Last Sunday on “Meet the Press” Chuck Todd interviewed Steven Brill, author of Tailspin: The People and Forces Behind America's 50-Year Fall -- and Those Fighting To Reverse It. As reported in the transcript, Brill’s book is a critique of “meritocracy” and the “knowledge economy.” Brill argues that in recent decades we’ve had “liberal lawyers who were coming out of liberal law schools going to liberal law firms and doing the legal engineering” that caused many of the problems we face today.

According to Brill, those lawyers persuaded courts to establish legal precedents for how to fight unions and “promote arbitration clauses that are keeping the middle class out of the courts” when they have a job discrimination claim or a a consumer rights claim. One such lawyer was Ralph Nader, who fought for the right of discount drug stores to advertise their discount prices.

Nader now says, “That was the biggest boomerang of all time." Brill summarizes the effect:

The Supreme Court said, "...The First Amendment is for listeners as well as it is for speakers. ...We shouldn't discriminate on the basis of who the speaker is. So if the speaker happens to be a corporation, why should we care?"

That precedent led to the Citizens United case, which opened the floodgates to campaign spending.

In its review, Kirkus Review writes:

For the last 50 years, journalist and political analyst Brill argues, the United States has been deteriorating. Besides a blighted health care system, the author points to other major problems, including underperforming public schools; outdated mass transit systems and power grids; crumbling bridges, highways, and airports; snowballing income inequality; high infant mortality and low life expectancy when compared with other Western countries; political gridlock; voter cynicism and apathy; and lobbyists’ power over elected officials.

He blames “the polarization and paralysis of American democracy” partly on a “new aristocracy of rich knowledge workers.” ...Brill calls these individuals, who want to hold onto their wealth, the “protected,” as opposed to the rest of society, “the unprotected,” who need government to act for the common good. The author offers ample evidence that American democracy is in peril. Less persuasive is his optimism that problems can be solved through the efforts of earnest, sometimes influential individuals.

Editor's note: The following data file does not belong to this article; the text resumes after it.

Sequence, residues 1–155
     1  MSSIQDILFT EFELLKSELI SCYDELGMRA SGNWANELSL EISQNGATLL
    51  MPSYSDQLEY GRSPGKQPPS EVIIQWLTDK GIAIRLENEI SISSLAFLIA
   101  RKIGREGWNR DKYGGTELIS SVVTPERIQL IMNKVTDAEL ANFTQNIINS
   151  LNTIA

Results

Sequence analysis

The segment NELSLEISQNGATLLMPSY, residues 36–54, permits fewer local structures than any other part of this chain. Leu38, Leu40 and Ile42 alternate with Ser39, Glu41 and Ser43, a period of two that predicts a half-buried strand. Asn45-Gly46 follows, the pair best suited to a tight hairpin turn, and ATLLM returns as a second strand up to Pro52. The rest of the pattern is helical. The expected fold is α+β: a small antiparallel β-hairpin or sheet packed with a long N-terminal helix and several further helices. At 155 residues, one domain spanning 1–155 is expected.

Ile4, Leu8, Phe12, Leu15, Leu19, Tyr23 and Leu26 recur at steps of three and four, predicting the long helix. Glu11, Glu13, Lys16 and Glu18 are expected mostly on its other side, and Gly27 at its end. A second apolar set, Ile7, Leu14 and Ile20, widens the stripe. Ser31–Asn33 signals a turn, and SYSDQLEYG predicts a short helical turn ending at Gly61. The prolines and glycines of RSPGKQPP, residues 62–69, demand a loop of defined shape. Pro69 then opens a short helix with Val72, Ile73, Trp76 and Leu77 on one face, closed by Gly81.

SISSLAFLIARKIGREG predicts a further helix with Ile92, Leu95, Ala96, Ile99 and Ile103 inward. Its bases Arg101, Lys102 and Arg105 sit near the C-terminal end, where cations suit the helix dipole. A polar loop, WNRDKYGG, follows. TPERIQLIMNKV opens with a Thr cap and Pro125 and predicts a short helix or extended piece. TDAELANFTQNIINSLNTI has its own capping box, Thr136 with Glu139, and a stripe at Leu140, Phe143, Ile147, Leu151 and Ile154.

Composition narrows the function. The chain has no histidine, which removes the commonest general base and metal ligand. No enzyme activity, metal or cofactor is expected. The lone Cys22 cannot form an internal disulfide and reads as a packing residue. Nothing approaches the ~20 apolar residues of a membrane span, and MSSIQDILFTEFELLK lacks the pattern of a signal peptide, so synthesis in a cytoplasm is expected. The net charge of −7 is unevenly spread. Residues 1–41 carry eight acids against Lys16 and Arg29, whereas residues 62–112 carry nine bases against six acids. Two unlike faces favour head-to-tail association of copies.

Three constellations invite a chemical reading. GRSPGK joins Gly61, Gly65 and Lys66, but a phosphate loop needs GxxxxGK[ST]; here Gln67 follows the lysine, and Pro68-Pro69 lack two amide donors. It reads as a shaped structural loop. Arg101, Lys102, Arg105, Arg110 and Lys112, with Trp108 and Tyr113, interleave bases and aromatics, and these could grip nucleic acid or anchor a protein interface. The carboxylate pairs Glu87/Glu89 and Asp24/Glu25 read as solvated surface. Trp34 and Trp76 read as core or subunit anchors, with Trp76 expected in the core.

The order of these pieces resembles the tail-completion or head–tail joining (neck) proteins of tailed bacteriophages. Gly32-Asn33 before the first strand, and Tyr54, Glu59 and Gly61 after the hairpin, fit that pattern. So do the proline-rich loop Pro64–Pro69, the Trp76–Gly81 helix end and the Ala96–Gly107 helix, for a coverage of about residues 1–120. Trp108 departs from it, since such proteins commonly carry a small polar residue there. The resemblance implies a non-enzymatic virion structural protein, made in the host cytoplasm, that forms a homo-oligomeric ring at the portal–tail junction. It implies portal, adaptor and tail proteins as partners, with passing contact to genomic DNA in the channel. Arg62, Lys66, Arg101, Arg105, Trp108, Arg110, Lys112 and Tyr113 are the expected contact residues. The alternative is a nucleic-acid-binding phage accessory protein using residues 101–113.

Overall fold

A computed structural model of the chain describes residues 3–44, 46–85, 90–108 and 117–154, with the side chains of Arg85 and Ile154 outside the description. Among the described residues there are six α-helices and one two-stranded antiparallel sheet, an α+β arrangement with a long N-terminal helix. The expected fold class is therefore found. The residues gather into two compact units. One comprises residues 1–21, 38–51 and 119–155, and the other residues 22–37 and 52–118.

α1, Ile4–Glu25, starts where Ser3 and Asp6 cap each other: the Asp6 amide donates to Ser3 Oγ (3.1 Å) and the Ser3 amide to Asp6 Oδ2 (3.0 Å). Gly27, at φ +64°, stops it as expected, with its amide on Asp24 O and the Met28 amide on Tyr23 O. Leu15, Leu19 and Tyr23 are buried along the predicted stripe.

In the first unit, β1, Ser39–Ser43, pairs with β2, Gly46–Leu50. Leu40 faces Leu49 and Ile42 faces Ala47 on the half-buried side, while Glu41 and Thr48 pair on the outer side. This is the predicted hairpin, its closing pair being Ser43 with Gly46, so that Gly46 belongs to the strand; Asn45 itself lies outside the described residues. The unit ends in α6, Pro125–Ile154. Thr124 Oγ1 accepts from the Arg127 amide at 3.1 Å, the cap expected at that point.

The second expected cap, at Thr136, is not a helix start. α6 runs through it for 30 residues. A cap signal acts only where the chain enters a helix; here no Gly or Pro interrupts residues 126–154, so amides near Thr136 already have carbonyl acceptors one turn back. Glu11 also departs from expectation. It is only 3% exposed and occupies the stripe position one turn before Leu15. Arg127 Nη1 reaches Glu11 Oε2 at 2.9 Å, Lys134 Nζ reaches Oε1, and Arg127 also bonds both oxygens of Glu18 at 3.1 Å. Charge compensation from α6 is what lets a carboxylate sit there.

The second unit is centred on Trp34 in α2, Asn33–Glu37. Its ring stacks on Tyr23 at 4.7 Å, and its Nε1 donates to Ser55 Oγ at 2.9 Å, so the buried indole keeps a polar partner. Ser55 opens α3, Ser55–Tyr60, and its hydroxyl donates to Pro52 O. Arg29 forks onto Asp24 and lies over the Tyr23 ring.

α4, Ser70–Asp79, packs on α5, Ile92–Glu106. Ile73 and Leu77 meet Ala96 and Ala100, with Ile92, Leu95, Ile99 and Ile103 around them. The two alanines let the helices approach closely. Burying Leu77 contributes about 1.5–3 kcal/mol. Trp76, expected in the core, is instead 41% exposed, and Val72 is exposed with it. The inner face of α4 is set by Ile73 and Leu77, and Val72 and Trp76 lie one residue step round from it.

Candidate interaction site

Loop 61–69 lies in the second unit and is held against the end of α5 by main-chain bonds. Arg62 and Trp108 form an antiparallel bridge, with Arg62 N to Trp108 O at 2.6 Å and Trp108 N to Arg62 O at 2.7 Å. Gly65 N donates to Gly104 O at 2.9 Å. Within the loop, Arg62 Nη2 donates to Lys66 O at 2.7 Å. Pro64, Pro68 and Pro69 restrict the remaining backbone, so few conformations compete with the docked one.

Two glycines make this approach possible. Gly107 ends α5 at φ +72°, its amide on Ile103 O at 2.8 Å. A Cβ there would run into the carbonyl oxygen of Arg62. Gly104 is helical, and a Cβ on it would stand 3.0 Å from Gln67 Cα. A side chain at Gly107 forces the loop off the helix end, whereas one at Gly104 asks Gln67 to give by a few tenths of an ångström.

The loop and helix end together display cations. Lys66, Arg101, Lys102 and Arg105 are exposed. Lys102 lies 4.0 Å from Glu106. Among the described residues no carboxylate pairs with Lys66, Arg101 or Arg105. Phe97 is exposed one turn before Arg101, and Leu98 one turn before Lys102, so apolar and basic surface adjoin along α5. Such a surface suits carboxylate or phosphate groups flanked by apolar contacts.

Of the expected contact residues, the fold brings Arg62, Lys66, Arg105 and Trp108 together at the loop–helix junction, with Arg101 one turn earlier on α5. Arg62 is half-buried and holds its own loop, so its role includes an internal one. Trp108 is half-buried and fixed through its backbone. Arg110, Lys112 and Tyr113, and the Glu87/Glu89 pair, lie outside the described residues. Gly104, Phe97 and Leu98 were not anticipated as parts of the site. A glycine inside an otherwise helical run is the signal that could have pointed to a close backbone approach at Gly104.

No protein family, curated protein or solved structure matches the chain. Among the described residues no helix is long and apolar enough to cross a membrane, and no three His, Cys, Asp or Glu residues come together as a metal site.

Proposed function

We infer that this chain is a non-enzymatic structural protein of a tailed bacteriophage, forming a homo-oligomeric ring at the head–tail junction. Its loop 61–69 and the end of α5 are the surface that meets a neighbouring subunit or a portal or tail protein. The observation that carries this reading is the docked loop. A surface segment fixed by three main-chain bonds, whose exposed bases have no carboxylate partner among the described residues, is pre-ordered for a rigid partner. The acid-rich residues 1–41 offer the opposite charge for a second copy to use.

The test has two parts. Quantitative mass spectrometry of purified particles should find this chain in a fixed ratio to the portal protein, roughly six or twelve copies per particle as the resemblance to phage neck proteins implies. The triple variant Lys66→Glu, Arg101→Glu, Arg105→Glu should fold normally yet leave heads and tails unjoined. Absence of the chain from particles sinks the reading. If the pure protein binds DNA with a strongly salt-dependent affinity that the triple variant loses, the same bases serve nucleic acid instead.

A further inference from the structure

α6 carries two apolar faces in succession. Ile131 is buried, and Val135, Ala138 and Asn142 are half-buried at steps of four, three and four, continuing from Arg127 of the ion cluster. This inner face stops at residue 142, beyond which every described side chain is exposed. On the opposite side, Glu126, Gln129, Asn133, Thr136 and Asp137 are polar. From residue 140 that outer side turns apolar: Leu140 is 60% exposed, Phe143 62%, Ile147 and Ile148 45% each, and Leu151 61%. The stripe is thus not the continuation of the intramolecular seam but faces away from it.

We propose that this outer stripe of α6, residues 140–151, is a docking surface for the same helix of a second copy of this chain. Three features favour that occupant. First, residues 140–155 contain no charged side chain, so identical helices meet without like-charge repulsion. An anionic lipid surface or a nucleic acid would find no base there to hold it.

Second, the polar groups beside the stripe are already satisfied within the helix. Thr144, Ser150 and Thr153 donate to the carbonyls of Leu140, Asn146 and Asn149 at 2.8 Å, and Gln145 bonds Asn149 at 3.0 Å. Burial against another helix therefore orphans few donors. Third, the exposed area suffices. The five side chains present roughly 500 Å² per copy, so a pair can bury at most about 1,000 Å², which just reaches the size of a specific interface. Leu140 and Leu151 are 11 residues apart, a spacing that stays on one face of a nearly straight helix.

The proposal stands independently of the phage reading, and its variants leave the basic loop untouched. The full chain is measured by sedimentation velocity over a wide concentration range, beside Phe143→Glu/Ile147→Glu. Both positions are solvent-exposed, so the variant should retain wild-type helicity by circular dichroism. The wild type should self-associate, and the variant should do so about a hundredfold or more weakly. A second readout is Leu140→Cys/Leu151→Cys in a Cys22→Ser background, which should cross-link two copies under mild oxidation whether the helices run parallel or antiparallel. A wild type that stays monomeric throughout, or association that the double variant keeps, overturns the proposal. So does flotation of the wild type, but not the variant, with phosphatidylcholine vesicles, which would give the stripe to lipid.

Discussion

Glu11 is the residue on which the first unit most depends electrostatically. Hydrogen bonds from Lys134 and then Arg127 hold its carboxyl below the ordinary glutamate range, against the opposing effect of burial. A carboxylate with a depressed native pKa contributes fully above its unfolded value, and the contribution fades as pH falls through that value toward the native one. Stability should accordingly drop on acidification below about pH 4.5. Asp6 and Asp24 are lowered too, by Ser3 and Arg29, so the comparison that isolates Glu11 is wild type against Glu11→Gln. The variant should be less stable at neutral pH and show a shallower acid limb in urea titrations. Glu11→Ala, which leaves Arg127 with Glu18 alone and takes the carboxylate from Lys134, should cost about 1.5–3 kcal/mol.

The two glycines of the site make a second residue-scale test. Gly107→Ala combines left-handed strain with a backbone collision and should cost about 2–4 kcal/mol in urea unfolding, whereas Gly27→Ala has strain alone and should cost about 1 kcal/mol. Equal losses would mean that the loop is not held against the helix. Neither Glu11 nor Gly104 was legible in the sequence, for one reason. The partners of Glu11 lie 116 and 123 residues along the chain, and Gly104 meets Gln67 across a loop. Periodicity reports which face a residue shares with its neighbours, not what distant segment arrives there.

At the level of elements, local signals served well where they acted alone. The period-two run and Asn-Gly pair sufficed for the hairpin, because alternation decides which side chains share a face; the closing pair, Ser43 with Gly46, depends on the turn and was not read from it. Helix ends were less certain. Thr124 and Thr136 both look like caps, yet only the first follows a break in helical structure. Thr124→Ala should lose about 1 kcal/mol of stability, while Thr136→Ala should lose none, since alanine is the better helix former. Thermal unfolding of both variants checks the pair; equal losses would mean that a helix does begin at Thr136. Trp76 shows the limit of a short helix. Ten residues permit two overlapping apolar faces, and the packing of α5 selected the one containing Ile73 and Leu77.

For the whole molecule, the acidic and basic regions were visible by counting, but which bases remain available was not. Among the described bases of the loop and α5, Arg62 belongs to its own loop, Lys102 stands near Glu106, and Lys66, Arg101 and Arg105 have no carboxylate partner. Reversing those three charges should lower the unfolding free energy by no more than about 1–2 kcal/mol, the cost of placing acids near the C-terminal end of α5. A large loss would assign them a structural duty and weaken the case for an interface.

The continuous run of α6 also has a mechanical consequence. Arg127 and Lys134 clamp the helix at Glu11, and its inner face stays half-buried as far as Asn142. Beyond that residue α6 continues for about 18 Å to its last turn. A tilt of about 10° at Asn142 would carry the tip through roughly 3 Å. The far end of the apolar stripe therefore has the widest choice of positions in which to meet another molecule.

Brill also has an essay in the May 17 Time, “How Baby Boomers Broke America,” where he writes:

Key measures of the nation’s public engagement, satisfaction and confidence...are far below what they were 50 years ago…. America’s tailspin is not about villains, though there are some. It is not about a conspiracy to bring the country down, nor did it spring from one single source.

But there is a theme…. Many of the most talented, driven Americans…were able to consolidate their winnings, outsmart and co-opt the forces that might have reined them in, and pull up the ladder so more could not share in their success or challenge their primacy….

America all but abandoned its most ambitious and proudest ideal: the never perfect, always debated and perpetually sought after balance between the energizing inequality of achievement in a competitive economy and the community-binding equality promised by democracy….

That…is the real polarization that has broken America since the 1960s. It’s the protected vs. the unprotected, the common good vs. maximizing and protecting the elite winners’ winnings….

Soon, the gap between pay in the private and public sectors was too large to attract enough talented young lawyers to government or public-interest law…. Regulatory agencies were overwhelmed by battalions of lawyers…. They deployed litigators to fend off private-sector unions [and] began in the 1970s to turn Washington into a colony of lobbyists…. Their money, their power, their lobbyists, their lawyers, their drive overwhelmed the institutions that were supposed to hold them accountable – government agencies, Congress, the courts….

They won not with the brazen corruption of the robber barons of old, but by drawing on the core values that have always defined American greatness…. They simply got really, really good at taking advantage of what the American system gave them…in the name of the values that America treasures….

“American meritocracy has thus become precisely what it was invented to combat,” [Daniel] Markovits concluded, “a mechanism for the dynastic transmission of wealth and privilege across generations. Meritocracy now constitutes a modern-day aristocracy.”

One takeaway from Brill’s work is that he does not reject “the energizing inequality of achievement.” The drive to achieve more than others need not necessarily be destructive. We can climb higher on a particular ladder without assuming that it is the only ladder that matters, or that our success makes us a better person. As Brill said, we can balance our achievement with “the community-binding equality promised by democracy.”